The Christian Science Monitor (CSM) has a great little piece on the issue here. (I've been getting into this paper. The articles are well researched and reported.)

No one's really sure just how much oil there is under Alaska, but the big oil companies seem to have lost interest in the project. And no one's really sure how much ecological impact this project will have, either.

Bush, however, is mostly concerned with how rising oil prices will "affect the average American family."

How about that average American family? Recent polls - as the CSM article points out - suggests that 73% of Americans prefer conservation tecniques or alternative forms of energy over an increase in domestic oil production. As such, I'm not feeling very good about the Bush adminstration's ability to represent the needs of its people on this one.

If you've ever read this blog before, you know where I stand on eco-issues, and sometimes they aren't always black-and-white. This one, however, seems a no-brainer: oil companies don't think the resources justify the costs, the public doesn't support it, and the ANWR is considered so important to wildlife that even Canada can object to any drilling (as per an international agreement). So why bother sneaking this little tidbit through government? It beats me.

But. as friend and fellow blogger Mike pointed out, these issues are sometimes driven by market forces. Until the US public puts its money where its mouth is and actually starts conserving, buying fuel-efficient vehicles, eating locally, eating less dead animal, using less A/C, just plain 'ol being smarter, then we'll have foolish presidents dropping wells into pristine and never-to-be-seen-again wilderness. Take a look at the picture above.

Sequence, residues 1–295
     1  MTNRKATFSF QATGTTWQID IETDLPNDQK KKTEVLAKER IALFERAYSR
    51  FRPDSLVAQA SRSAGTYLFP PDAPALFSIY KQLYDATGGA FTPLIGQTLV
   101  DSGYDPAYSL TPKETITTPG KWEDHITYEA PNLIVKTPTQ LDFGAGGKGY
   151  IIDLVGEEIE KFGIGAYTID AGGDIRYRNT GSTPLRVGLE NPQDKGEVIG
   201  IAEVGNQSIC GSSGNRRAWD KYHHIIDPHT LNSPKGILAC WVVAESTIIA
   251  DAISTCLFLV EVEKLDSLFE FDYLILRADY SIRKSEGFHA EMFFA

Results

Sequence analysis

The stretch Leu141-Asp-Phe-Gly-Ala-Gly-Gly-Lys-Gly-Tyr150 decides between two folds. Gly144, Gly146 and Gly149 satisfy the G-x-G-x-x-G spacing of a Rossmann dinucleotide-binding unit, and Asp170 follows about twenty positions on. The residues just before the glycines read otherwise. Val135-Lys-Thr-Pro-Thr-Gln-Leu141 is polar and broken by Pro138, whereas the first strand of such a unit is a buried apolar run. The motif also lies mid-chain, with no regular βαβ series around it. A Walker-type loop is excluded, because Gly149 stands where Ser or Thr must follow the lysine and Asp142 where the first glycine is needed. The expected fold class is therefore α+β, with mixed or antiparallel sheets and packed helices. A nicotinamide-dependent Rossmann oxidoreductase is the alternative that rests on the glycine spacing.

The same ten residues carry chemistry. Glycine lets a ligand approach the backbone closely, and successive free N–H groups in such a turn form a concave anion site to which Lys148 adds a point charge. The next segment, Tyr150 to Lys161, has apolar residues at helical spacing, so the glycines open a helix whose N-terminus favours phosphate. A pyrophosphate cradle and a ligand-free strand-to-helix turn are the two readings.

(here's something kinda funny:, which you would think might be the official government site for the preserve, is actually an oil and oil worker's lobbying website, offering you - among many other things - 10 reasons to drill for oil in the refuge. Good times.)

Wednesday, March 16, 2005


It has been pointed out to me that I am not a Ph.D., nor a prize-winning novelist, nor a pulitzer-type journalist, and that in fact my most recent blog about the Da Vinci Code may have been of an elitist nature.

I try hard not to be an elitist. I really do. I also try hard to enjoy books. And I can't say I didn't enjoy that book. I just wanted to suggest that there are better books out there, and that Dan Brown's writing is not the most refined.

That is all.

Tuesday, March 15, 2005

Yes, I've read the Da Vinci Code

With the grotesque success of Dan Brown's The Da Vinci Code, a high-ranking Italian cardinal has recently spoken out against the novel, urging Catholics not to read the book and not to buy it.

He claims that the book's unprecedented run as a best-seller merely confirms that anti-Catholicism is an acceptable prejudice.

Pardon me if I snicker at this irony. Seems there is a certain Bishop out in Calgary who is doing a pretty good job of making anti-homosexuality an acceptable prejudice.

As for me, I'd have to agree with that cardinal: don't read the book. Although it presents fascinating ideas, it is written for the average 11-year old - the writing is atrocious. Instead (if you want to find out more about secret societies, the true identity of the holy grail, and Christ's lineage) read The Holy Blood and The Holy Grail, which, while being a bit heavy, does not treat you as if you were a child.

Monday, March 14, 2005

Fractals are cool - this a Mandelbrot set corresponding to the classical Lambda Julia set (so they tell me, anyway). Posted by Hello